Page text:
This reasoning places God in the role of master physician in the Old Covenant Scriptures and Yeshua in the role of liberator from God's law in the New Covenant Scriptures. If we assume that God was simply looking out for the health of the ancient Israelites, the Bible lists of clean and unclean animals become only primitive health issues for which modern, enlightened, liberated mankind no longer has need. Reasoning that Messiah understood this and gave His followers the freedom to decide for themselves in such matters, some believe God will honor any decision we make for ourselves in these matters.

This popular view is taught by most churches, but does it accurately reflect biblical teaching?

God's view is different

God made mankind in His own image (Genesis 1:26-27). In doing so God gave men and women the ability to reason. What a wonderful gift that is! But our thinking ability is not infallible. When ancient Israel's reasoning went awry, God said, "Come now, and let us reason together" (Isaiah 1:18).

But Scripture also records God telling us: " 'For My thoughts are not your thoughts, nor are your ways My ways,' says the LORD. 'For as the heavens are higher than the earth, so are My ways higher than your ways, and My thoughts than your thoughts'" (Isaiah 55:8-9). So God, not man, should be the authority on our conduct (Proverbs 14:12), including what foods may or may not be eaten.

In addition, the great prophet Jeremiah candidly admits, "O LORD, I know the way of man is not in himself; it is not in man who walks to direct his own steps" (Jeremiah 10:23, emphasis added throughout).

In light of these verses from the Bible, we need to carefully examine the matter of clean and unclean meats. We need to be sure we understand God's perspective instead of relying exclusively on human reasoning.

The origin of the distinctions

The first biblical account noting distinctions between clean and unclean animals occurs long before the Exodus. Almost a thousand years before there was a covenant with the nation of Israel, God told Noah to take two pairs of unclean animals and seven pairs of clean animals into the ark (Genesis 6:19-7:2). God does not tell Noah in this account that He was, for the first time, making a distinction between animals. God simply says, " You shall take with you seven each of every clean animal . . .; two each of animals that are unclean . . ." (Genesis 7:2).

God did not have to define for Noah the meaning of "clean" and "unclean"; Noah understood God's instruction and what was required of him, and obeyed. To understand what God meant by these terms, we must go to other chapters of the Bible such as Leviticus 11 and Deuteronomy 14.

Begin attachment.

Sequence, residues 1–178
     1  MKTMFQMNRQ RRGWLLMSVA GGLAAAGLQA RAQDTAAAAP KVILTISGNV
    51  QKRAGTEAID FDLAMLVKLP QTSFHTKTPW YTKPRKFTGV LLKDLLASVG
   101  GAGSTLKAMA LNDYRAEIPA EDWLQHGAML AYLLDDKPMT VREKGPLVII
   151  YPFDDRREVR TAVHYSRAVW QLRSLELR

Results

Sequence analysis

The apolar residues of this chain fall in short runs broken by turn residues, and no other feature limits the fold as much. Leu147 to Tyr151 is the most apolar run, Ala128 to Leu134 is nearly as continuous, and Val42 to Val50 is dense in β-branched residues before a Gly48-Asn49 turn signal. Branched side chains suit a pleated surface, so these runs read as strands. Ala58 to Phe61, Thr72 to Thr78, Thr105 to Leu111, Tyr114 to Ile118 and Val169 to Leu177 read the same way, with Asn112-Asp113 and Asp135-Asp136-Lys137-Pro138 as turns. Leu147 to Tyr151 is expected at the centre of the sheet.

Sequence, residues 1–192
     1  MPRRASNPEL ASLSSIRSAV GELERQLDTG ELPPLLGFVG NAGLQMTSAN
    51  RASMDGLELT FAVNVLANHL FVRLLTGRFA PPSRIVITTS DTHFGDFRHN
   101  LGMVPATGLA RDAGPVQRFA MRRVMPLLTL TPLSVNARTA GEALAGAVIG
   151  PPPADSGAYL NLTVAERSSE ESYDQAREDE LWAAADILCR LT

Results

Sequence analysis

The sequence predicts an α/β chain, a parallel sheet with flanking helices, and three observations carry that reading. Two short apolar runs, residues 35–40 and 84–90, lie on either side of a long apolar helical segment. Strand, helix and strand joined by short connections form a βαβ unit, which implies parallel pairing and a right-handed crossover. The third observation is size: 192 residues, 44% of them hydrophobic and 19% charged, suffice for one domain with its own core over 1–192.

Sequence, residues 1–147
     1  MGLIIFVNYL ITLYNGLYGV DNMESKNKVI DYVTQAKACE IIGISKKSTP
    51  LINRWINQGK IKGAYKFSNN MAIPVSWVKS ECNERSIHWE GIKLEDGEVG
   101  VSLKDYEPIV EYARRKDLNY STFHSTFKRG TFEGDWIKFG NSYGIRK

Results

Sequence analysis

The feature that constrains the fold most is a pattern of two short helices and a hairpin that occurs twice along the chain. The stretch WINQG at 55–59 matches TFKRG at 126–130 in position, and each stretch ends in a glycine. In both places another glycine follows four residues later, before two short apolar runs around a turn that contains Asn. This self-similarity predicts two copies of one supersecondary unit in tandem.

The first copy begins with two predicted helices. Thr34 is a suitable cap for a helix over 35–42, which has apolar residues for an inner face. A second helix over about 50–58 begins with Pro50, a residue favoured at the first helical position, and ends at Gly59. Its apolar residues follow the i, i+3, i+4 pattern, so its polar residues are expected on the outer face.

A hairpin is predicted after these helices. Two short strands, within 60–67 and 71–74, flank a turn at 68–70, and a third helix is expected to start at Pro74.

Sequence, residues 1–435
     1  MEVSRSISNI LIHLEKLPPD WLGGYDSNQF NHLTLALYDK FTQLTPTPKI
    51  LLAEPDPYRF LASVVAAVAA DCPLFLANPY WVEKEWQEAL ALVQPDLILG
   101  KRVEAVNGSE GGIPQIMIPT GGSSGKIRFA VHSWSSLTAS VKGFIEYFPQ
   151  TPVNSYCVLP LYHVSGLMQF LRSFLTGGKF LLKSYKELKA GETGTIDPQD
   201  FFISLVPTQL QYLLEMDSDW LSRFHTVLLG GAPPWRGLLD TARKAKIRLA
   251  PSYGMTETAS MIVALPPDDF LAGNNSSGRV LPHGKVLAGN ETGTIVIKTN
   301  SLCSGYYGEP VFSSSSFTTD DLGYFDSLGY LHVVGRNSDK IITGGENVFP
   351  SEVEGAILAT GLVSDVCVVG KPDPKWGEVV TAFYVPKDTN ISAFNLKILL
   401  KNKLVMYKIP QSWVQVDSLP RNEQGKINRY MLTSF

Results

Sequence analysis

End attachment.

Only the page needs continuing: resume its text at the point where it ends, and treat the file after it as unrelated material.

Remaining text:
The account about Noah shows that the distinction between clean and unclean existed early in human history, long before God ratified His covenant with Israel. Thus the popular idea that animals' cleanness and uncleanness originated with the Old Covenant is shown from the Bible to be untrue. Since these distinctions existed before the Israelite sacrificial system and Levitical priesthood, it does not follow that these distinctions would cease with a change in the sacrificial system or the priesthood. As we will see, the Bible teaches that the distinction between clean and unclean has never been rescinded.

Another flaw associated with this understanding is that God's law did not exist until the time described when we first read about it. This misconception leads to the equally flawed belief that the only laws applicable to New Covenant Believers are those restated in the New Covenant after Messiah's crucifixion. Yeshua Himself dismissed this reasoning (Matthew 5:17-19). Although such assumptions about when God's Torah came
into effect lack biblical proof, they do raise an important issue for us to consider: the continuity of God's Torah.

The nature of God's Torah

The way God's fundamental Torah regulating human relationships is treated in Genesis remains consistent with the apostle Paul's statement that "the Torah is spiritual" (Romans 7:14). The spiritual principles upon which all God's instructions are based have always existed. Just as God is eternal (Deuteronomy 33:27; Malachi 3:6; Hebrews 13:8), so are the principles that reflect His character and nature. God's Torah is based on His unchanging character, not dependent on events and attitudes prevalent in human history.